Breakthrough Album and Renowned Reputation
Finally, in 1975, after over a year in the studio, Springsteen released a third album, Born to Run, which peaked at No. 3 on the Billboard 200 and skyrocketed him to fame. Drawing heavily on Springsteen’s New Jersey roots, the album offered soaring guitars, larger-than-life characters, urban romance and a rebellious spirit that captured the essence of the American Dream and connected with audiences of all ages.
Springsteen’s next album, Darkness on the Edge of Town, released in 1978, was a more somber affair, emphasizing themes of lost love, depression and existential suffering. “The whole force of Darkness was a survival thing,” he said. “After Born to Run, I had a reaction to my good fortune. With success, it felt like a lot of people who’d come before me lost some essential part of themselves. My greatest fear was that success was going to change or diminish that part of myself.”
In order to promote the album, Springsteen and the E Street Band embarked on a cross-country tour that would make them famous for their marathon performances (three or four hours per show), boisterous behavior and infectious energy, captivating audiences from California to New York. During this time, Springsteen also became famous for his integrity and pride as a performer, as stories of his exhausting performances and perfectionism in the recording studio became legend.
‘Born in the U.S.A.’
Darkness at the Edge of Town marked a shift in Springsteen’s musical style that he continued in his next two albums, The River (1980) and Nebraska(1982), which both explored themes about working-class Americans.Nebraska was a raw, solo acoustic effort that has been lauded by music fans for its provocative sound. But Springsteen’s explosion into rock superstardom came in 1984 when he released Born in the U.S.A. With seven singles hitting the top of the Billboard Charts—including “Glory Days,” “Dancing in the Dark,” “Born in the U.S.A.” and “Cover Me”—the album would become one of the best-selling records of all time and spark a successful world tour.
After the whirlwind of commercial success that followed Born in the U.S.A., Springsteen met and married actress Julianne Phillips in 1985. The marriage quickly began to fall apart, however, and Springsteen began an affair with E Street Band backup singer Patti Scialfa, who shared his working-class New Jersey background. Phillips filed for divorce in 1989. Springsteen moved in with Scialfa and they had two children together before officially marrying in 1991. Their third and last child was born in 1994.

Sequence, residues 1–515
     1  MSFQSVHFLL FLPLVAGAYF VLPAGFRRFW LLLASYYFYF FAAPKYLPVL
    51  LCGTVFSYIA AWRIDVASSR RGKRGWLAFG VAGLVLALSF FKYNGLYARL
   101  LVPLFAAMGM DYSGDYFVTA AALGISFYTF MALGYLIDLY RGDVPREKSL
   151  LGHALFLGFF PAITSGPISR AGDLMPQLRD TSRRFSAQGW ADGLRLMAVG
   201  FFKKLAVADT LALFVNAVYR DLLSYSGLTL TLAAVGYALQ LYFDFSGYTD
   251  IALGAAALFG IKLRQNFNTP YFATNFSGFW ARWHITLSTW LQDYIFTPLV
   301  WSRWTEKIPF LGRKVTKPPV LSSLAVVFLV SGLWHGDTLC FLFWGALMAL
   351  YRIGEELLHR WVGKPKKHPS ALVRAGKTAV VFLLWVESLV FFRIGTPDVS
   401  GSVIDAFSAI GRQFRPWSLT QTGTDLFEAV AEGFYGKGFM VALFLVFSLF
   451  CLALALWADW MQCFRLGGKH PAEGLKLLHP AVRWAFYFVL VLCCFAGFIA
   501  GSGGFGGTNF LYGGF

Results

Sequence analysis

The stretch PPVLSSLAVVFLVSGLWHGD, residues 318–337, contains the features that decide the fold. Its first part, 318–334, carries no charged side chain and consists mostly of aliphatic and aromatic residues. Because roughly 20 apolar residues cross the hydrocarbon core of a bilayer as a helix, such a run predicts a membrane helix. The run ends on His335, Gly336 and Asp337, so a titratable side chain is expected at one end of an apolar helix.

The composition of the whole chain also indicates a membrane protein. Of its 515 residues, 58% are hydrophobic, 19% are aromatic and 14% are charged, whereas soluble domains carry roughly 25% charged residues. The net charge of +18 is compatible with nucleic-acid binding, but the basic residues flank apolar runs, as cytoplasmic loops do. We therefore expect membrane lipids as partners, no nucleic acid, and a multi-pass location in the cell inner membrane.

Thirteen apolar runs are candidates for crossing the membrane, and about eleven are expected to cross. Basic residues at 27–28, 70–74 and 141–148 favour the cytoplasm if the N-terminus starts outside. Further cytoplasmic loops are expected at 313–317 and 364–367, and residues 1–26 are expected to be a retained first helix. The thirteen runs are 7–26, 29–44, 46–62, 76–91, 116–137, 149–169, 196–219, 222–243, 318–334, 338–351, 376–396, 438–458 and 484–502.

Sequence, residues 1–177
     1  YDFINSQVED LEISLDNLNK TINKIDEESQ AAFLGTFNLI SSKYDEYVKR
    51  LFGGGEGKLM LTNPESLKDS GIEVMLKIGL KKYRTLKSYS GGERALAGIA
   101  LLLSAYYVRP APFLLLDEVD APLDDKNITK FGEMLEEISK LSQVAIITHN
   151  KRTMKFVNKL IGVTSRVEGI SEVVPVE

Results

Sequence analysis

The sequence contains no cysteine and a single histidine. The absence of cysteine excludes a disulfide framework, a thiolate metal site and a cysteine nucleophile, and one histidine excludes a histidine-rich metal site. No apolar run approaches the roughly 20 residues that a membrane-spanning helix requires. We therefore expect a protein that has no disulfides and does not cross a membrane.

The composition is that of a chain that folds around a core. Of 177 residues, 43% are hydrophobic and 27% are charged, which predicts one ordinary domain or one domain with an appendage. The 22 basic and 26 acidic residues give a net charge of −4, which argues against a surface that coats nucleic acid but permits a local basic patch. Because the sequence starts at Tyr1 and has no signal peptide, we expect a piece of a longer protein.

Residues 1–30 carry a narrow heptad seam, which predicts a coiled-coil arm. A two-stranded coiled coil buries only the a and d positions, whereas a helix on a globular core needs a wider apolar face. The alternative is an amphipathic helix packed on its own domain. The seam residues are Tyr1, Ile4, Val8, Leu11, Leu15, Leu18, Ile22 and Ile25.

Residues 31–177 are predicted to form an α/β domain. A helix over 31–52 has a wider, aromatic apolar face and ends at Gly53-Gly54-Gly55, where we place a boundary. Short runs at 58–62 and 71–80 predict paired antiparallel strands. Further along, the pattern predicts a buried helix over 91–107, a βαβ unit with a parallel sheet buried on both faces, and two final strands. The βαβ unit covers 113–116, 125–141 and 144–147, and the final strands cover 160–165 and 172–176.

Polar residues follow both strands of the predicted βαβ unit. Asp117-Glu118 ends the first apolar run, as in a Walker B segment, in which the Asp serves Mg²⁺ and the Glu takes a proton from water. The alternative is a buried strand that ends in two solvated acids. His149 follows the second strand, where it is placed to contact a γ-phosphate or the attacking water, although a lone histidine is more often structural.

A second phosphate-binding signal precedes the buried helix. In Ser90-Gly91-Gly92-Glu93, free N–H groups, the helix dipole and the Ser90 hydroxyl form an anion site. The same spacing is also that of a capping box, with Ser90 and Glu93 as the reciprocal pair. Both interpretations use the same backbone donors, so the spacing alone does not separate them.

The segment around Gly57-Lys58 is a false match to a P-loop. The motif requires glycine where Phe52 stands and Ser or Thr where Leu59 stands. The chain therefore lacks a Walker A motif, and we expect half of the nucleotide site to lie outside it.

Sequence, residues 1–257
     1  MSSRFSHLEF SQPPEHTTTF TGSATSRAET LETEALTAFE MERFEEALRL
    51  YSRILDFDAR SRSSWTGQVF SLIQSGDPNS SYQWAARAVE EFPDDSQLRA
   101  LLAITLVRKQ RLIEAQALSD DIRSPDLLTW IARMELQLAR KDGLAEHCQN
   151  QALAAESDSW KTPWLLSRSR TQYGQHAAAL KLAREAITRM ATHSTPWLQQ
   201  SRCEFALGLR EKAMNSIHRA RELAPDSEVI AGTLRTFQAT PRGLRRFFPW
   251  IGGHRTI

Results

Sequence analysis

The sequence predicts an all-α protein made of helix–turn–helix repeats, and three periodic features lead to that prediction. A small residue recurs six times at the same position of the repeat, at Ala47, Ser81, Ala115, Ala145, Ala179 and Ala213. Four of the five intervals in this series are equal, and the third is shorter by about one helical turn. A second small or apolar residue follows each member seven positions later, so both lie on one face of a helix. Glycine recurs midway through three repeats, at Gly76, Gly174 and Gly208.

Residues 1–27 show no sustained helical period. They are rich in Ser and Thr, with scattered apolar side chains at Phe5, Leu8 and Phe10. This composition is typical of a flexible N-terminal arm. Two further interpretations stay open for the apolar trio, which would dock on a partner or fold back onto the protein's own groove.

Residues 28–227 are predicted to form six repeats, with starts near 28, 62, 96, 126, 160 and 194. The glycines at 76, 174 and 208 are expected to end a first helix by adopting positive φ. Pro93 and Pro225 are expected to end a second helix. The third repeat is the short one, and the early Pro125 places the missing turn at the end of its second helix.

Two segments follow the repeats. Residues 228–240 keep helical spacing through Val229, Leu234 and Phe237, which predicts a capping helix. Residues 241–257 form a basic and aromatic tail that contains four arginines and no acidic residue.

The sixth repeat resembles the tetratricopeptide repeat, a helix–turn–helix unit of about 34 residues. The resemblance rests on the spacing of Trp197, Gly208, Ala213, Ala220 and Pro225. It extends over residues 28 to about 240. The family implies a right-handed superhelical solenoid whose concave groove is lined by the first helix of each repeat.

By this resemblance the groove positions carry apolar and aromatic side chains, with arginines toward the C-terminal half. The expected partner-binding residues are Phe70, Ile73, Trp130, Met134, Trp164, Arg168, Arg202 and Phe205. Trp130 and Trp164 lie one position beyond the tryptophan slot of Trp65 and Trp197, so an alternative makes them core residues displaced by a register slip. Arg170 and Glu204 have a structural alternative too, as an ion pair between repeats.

Deeply affected by his conflicted love life and failed marriage to Phillips, Springsteen wrote and released Tunnel of Love in 1987. The album examined themes of love, loss, confusion and heartbreak, tracing the extreme highs and lows of relationships. As Dave Marsh from Creemmagazine prophetically wrote in 1975, “Springsteen’s music is often strange because it has an almost traditional sense of beauty, an inkling of the awe you can feel when, say, first falling in love or finally discovering that the magic in the music is also in you. Which may also be first falling in love.”
Springsteen dissolved the E Street Band in 1989 and relocated with his new wife and family to California in the early 1990s. The albums he produced during this period—Human Touch and Lucky Town, released on the same day in 1992—came from a happier place; ironically as his personal life improved, his songs seemed to lack the emotional intensity that had made him so famous in earlier years. He was criticized by his fans for “going Hollywood” and no longer recording with E Street Band. As happy as he may have been in his personal life, the early 1990s were not Springsteen’s glory days as an artist.
Springsteen and the E Street Band Reunite
He began to bounce back with The Ghost of Tom Joad (1995), an acoustic set musically reminiscent of Nebraska and lyrically inspired by Pulitzer Prize–winning writers and books (John Steinbeck’s The Grapes of Wrath and Dale Maharidge’s Journey to Nowhere: The Saga of the New Underclass). Springsteen also recorded an Oscar-winning song, “The Streets of Philadelphia,” for the movie Philadelphia, starring Tom Hanks. In 1999, Springsteen reunited the E Street Band to tour in support of a new Greatest Hits album, selling out stadiums around the world despite his long absence from the limelight. It was the same year in which he was inducted into the Rock and Roll Hall of Fame.